# Replace variable in Series expression

I am trying to generate a series expansion in terms of the variable t then substitute a value in for it. However it seems that something about the SeriesData object returned by Series doesn't permit a standard slashdot replacement.

Series[(a^4 - (a - t)^4), {t, 0, 4}] // Normal /. t -> a/20


returns

4 a^3 t - 6 a^2 t^2 + 4 a t^3 - t^4


which is the same result as though the slashdot isn't even there.

On the other hand, replacing prior to Normal results in an undesirable output.

Series[a^4 - (a - t)^4 , {t, 0, i}] /. t -> a/20 // Normal


returns

(4 a^3 a)/20 - 6 a^2 (a/20)^2 + 4 a (a/20)^3 - (a/20)^4 + O[a/20]^6


This is on the right track, but I am left with the BigO and no amount of Simplify or its related functions can get the expression to condense to C*a^4.

To further complicate things, I am trying to run this within a For loop where I increment the number of kept terms.

For[i = 1, i <= 4, i++,
Print[Series[a^4 - (a - t)^4), {t, 0, i}] // Normal /. t -> a/20]]


So, how can I do the Series expansion, substitute a/20 in for t, and get a nice output that is, ideally, some constant times a^4. Much thanks.

• Normal@Series[(a^4 - (a - t)^4), {t, 0, 4}] /. t -> a/20. Operator precedence. in other words, implicitly, your original expression is interpreted like this: Series[(a^4 - (a - t)^4), {t, 0, 4}] // (Normal /. t -> a/20). Commented Sep 20, 2017 at 22:00
• That's a notation with which I am unfamiliar. But thank you. Commented Sep 20, 2017 at 22:05

(As march beat me to comment) I think you have a precedence problem with the postfix application //. Try this:

(Series[(a^4 - (a - t)^4), {t, 0, 4}] // Normal) /. t -> a/20

(29679 a^4)/160000

• Unbelievable. So that I fully understand and never repeat this mistake: Without the parenthesis, Mathematica is trying to do the replacement within Normal itself? Commented Sep 20, 2017 at 22:09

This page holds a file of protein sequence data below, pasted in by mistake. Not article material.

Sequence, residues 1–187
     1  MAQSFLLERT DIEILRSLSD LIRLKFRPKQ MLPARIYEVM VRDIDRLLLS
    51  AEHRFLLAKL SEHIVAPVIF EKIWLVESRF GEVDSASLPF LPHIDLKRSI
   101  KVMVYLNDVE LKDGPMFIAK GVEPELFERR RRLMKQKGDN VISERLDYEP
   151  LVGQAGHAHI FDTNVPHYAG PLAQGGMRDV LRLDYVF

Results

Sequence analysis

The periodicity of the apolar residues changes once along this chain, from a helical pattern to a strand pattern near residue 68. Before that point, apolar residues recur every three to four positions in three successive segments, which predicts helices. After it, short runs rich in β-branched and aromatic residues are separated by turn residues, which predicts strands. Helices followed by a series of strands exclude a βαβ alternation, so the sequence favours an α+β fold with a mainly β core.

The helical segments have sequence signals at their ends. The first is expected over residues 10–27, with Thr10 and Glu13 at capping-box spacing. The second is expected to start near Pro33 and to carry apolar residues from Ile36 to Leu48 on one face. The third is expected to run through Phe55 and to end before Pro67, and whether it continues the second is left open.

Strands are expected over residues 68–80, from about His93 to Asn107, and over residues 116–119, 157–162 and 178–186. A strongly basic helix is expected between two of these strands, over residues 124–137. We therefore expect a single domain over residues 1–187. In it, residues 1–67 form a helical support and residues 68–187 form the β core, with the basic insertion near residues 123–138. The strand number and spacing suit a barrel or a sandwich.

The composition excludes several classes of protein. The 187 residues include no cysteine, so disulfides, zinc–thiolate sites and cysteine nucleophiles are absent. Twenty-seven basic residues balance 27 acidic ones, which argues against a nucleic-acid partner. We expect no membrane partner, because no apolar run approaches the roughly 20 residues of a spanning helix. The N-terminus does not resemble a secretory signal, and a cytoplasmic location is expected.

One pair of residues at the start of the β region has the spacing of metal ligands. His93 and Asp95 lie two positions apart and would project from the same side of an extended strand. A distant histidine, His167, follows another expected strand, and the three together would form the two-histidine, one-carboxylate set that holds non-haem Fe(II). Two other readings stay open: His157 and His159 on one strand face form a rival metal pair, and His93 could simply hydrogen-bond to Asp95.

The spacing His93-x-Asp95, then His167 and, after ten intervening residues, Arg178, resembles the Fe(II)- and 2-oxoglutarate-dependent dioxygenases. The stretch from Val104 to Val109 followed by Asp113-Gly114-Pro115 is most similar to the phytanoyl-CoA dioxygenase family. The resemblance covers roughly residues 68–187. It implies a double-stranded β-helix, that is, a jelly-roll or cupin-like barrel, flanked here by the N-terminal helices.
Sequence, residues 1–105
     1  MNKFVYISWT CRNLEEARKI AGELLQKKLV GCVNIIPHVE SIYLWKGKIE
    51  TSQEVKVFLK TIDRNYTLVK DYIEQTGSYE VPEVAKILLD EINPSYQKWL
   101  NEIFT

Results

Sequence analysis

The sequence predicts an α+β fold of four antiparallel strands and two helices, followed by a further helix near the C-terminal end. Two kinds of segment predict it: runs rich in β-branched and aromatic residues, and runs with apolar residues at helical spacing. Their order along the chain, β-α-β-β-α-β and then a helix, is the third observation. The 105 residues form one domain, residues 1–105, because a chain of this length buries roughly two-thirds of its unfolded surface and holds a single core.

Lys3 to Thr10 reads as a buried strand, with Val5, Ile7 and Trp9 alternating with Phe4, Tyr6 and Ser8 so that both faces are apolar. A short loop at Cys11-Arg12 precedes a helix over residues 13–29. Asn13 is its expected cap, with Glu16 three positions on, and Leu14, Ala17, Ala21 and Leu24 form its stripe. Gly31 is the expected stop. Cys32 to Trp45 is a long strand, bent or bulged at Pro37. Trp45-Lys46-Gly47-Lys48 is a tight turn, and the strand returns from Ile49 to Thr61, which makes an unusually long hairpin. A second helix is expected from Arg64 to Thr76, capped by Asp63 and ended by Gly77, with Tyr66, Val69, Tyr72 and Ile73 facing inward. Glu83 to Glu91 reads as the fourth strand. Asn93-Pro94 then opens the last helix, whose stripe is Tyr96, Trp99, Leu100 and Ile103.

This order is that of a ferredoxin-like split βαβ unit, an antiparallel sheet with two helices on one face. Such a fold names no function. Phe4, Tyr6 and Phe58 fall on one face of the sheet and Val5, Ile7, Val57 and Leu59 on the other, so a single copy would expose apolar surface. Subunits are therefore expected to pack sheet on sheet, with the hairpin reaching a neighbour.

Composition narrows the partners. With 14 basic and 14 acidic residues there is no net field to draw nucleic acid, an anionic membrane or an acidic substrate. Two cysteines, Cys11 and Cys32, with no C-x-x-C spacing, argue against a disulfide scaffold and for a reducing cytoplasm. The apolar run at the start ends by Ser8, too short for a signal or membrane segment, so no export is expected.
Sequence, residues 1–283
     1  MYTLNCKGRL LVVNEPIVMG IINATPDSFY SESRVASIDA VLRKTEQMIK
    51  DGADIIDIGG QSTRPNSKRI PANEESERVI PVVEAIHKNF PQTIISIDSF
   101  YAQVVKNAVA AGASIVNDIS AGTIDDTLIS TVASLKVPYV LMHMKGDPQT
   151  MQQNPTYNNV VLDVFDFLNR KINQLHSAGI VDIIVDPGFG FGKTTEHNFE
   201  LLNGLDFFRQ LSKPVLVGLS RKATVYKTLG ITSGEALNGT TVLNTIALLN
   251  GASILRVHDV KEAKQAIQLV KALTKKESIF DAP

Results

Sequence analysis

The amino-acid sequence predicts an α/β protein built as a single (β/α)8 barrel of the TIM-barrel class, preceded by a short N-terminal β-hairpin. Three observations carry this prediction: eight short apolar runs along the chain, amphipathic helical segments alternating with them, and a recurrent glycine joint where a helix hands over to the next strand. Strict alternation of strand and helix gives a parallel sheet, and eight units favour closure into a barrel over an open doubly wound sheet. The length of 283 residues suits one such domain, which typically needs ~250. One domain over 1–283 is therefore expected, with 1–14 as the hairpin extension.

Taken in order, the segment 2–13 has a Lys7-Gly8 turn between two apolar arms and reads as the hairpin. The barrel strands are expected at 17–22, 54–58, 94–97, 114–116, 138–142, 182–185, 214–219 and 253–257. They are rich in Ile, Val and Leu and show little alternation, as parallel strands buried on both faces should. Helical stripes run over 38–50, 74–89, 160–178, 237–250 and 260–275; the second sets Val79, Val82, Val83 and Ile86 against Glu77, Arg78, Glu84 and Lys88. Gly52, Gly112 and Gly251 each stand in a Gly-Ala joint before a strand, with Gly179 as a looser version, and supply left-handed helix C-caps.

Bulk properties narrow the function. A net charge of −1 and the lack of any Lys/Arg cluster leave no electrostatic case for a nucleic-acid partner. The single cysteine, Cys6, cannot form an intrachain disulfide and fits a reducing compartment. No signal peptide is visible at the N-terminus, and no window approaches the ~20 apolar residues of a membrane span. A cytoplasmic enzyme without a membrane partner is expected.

• @saintsfan342000 Yes! I realize this is probably annoying but it follows from standard precedence rules. This is actually useful in other cases, once you know to expect it. Commented Sep 20, 2017 at 22:37
• @Mr.Wizard From a software design standpoint I find this precedence choice to be a flaw. On no occasion have I ever wanted to do a replacement only on the suffixed function; I always want to replace on the entire thing to the left. Do you know why it is designed this way? Commented Sep 21, 2017 at 0:19
• @QuantumDot I am very tired from exercise and probably not thinking at my best. However if I am not mistaken the explanation is easy: each operator only has one binding power, i.e. the left and right sides are treated similarly. (continued) Commented Sep 21, 2017 at 6:39
• If /. had a lower binding power then things like {1, 2, 3} /. {2 -> 7} // Print would group like {1, 2, 3} /. ({2 -> 7} // Print) which is totally undesirable in most cases in my experience. // is specifically useful because of its low binding power allowing most things on the left-hand-side to "stay together." That the right hand side, e.g. // Normal /. t -> a/20 is also grouped together is merely an unfortunate consequence, though this too can at least occasionally be exploited usefully. Commented Sep 21, 2017 at 6:39